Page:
Like social networking, good learning is also connective. Good learners link past learning to future learning. They link ideas across disciplines. That is why we are so firmly an interdisciplinary school and are moving significantly in that direction for our future. We need to support the idea that learning in a discrete subject is only valuable if it can be linked and supported by learning in other areas and subjects.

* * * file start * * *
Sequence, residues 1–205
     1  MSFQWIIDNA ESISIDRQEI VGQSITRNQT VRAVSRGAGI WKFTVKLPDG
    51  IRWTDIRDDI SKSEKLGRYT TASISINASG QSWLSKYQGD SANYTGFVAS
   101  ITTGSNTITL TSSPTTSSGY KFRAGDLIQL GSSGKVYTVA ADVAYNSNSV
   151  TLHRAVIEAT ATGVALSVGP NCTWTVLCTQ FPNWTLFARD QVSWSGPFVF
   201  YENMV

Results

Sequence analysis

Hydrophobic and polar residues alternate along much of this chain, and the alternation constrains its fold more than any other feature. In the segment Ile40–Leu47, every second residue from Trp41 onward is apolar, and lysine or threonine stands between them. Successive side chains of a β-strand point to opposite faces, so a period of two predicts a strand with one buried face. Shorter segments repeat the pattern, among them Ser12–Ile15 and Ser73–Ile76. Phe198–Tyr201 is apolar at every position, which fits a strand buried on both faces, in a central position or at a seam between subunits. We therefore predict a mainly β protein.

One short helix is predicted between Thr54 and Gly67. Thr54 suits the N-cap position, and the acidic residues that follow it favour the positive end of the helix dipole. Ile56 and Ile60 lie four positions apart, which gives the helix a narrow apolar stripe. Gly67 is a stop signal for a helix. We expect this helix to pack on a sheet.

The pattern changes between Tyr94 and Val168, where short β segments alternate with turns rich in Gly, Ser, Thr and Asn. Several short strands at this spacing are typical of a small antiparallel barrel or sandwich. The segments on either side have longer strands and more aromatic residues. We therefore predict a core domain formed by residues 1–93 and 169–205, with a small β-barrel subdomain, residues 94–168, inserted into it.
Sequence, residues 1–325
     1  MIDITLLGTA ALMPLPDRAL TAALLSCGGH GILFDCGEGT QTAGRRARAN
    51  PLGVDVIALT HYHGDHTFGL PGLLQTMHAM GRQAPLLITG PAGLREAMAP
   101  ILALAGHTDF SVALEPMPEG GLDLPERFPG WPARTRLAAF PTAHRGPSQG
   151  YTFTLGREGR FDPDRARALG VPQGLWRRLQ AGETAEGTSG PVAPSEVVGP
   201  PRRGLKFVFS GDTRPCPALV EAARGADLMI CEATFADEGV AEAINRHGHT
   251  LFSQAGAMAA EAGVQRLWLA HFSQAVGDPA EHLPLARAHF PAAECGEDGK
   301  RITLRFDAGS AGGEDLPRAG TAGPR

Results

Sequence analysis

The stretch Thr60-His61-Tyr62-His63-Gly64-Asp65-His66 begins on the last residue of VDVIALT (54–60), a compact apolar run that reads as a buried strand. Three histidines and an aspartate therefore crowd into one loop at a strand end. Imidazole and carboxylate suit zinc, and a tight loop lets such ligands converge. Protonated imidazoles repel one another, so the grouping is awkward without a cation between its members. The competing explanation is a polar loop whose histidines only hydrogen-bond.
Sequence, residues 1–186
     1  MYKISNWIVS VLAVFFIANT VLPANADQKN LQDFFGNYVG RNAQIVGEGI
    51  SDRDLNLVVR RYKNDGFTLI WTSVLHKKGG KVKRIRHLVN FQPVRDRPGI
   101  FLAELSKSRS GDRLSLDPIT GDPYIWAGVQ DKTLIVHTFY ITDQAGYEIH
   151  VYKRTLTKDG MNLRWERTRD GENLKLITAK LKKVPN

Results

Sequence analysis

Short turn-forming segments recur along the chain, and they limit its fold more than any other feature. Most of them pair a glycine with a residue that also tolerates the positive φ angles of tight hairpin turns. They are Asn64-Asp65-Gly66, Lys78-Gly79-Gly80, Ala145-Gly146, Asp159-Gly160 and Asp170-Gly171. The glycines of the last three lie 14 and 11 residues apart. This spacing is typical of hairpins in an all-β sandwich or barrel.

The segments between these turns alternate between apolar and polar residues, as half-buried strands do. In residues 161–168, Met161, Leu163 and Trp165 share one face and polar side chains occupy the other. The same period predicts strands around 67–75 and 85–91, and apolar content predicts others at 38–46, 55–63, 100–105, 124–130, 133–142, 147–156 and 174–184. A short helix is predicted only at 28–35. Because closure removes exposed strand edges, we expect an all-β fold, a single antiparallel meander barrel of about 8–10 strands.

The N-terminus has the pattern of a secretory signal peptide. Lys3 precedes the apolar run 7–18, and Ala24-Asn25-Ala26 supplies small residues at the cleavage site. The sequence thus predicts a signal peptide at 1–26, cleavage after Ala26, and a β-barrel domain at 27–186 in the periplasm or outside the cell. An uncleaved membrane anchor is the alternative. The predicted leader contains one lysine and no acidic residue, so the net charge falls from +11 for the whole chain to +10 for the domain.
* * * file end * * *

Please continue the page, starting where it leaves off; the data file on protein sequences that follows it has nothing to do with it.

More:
There a number of books that have come out recently such as Multipliers or Linked by Albert Laszlo-Barabasi that talk about a “social multiplier” effect. Basically, it means that we are smarter as groups rather than separate individuals. Put a group of collaborative and smart people together and you will have a group IQ that will outmatch the individual. This is important for us. We are not a bunch of individual strivers here, it is important that all students realize here realize that we are stronger as a community that we can be individually and that there is immense amounts to learn from others. We are starting to ask a few students to blog and share their thoughts with a few of us on a regular basis. As an adult community, we need to learn from our charges. During this next year and in the future, we are going to learn more from the students and understand their experiences in this community. We want to multiply our intelligence as a community.